Surprising Signs of Depression as You Age
Would you be able to identify clinical depression in yourself? Could you identify it in a loved one?
You may think you can. After all, the telltale signs seem pretty hard to miss: ongoing sadness or hopelessness, loss of interest in normal activities, fatigue, sleep problems.
In older adults, however, the warning signs of depression are less clear cut. Your mom may lose interest in activities and develop poor memory. That might make you worry she has dementia. (You can take this hypothetical worry off your shoulders. Poor memory is typical of depression in the elderly.)
When you understand what depression may look like as you age, you’ll be able to spend less time anxiously Googling symptoms and more time enjoying your loved ones. You’ll also be a stronger health advocate, both for yourself and older family members who may not feel as empowered.
1. Serious Sleep Problems
Too much or too little sleep (hypersomnia and insomnia, respectively) can signal mental health problems – but that’s usually before society crowns you a senior. Sleep problems are so common in seniors that they aren’t even included in the Geriatric Depression Scale, a depression screening questionnaire.
The DSM-5 (Diagnostic Criteria for Major Depressive Disorder) does consider poor sleep, but with caveats. Sleep problems could indicate depression if you:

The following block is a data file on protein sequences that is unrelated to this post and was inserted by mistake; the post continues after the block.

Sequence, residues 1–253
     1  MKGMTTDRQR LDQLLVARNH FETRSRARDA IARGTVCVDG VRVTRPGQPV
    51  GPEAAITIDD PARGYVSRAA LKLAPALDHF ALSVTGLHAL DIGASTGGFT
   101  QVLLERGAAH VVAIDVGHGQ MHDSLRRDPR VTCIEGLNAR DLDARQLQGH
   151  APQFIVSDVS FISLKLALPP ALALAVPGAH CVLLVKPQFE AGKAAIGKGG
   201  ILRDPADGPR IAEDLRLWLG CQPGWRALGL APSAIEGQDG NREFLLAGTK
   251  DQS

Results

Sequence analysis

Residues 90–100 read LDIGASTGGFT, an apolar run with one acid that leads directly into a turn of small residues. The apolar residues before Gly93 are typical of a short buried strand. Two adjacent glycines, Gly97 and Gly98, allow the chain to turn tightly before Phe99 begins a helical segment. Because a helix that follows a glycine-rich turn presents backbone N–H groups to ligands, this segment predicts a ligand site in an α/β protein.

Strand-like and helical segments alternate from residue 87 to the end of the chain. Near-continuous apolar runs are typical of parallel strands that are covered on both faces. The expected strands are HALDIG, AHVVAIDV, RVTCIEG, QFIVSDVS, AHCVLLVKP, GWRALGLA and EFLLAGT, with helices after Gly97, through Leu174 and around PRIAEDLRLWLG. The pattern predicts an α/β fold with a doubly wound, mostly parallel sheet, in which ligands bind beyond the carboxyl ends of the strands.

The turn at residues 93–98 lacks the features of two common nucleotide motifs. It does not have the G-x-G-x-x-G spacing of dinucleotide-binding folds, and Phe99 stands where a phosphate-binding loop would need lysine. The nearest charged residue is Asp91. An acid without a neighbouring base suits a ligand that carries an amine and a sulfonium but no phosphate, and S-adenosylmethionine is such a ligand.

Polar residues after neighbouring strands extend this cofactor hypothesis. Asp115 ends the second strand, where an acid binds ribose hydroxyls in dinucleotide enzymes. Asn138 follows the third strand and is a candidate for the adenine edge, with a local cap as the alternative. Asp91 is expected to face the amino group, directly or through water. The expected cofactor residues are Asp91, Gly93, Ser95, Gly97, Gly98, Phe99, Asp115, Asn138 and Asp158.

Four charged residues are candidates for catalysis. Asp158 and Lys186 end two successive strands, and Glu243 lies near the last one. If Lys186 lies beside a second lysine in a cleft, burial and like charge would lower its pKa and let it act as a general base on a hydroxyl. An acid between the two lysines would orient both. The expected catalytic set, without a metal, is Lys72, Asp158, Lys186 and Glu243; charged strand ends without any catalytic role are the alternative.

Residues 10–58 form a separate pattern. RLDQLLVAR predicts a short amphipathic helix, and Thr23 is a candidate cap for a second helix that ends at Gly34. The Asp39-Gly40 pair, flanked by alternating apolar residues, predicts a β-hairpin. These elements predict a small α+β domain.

- Have hypersomnia or insomnia nearly every day for two weeks
- Don’t usually have much trouble sleeping
- Also meet at least four other criteria for depression
2. Confusion, Weakness, Delirium
If your teenager developed these symptoms, you’d probably panic and call 9-1-1. If your elderly father developed these symptoms, you could probably take a “wait and see what the doctor says” approach. They could be symptoms of depression, but they could also be symptoms of a sodium imbalance. A doctor would need to test for liver function and serum electrolytes to know for sure.
3. Arms and Legs that Feel like Cannons
Fatigue isn’t just a fancy word for tired. It’s a certain kind of tired: A completely-out-of-gas, mental and physical exhaustion. Depression-related fatigue can range from a daily loss of energy to “leaden paralysis,” which is when your arms and legs feel heavy, like lead.
Treating the depression itself with lifestyle changes, therapy, and antidepressants may turn things around. If they don’t, and you still feel you’re slowed down by the “weight” of your limbs, you may benefit from a wakefulness-promoting drug.
The older we get, the more aches and pains we seem to have. These should be no big deal. So, if you have frequent, difficult-to-control pain, we recommend you see a doctor as soon as possible. Depending on your other symptoms, your doctor may consider a chronic pain condition, depression, or some other illness.
Many studies have correlated depression with pain. Overall, women seem more likely than men to report pain – especially headaches – as a symptom.
5. Vision problems
This may surprise you: Among older adults, those with visual function loss were more likely to report depression than their counterparts. Unfortunately, this link often goes unrecognized and untreated. Researchers link this depression to social isolation and loneliness brought on by reduced mobility. Other studies show that vision loss can read to anxiety and stress.
If you’ve experienced vision loss that’s affecting your ability to socialize or live a full life, let your physician know. He or she may be able to help address your mobility issues and help you with feelings of depression.